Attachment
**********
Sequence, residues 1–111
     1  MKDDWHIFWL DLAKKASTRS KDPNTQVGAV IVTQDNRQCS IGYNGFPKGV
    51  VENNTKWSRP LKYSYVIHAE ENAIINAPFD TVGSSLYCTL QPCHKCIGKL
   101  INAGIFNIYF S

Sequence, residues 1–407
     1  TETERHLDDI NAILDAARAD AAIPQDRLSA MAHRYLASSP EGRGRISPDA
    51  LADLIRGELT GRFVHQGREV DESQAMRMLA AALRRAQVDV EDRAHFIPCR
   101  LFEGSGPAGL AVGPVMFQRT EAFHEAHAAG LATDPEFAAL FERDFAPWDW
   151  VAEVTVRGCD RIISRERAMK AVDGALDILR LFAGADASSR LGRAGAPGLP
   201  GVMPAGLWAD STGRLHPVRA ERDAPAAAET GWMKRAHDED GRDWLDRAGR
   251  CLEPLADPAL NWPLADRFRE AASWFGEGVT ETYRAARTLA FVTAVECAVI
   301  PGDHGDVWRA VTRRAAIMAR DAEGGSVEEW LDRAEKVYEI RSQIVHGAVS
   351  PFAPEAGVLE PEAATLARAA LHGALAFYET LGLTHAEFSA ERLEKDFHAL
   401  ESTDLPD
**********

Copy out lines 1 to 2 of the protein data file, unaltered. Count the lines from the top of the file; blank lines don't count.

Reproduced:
Sequence, residues 1–111
     1  MKDDWHIFWL DLAKKASTRS KDPNTQVGAV IVTQDNRQCS IGYNGFPKGV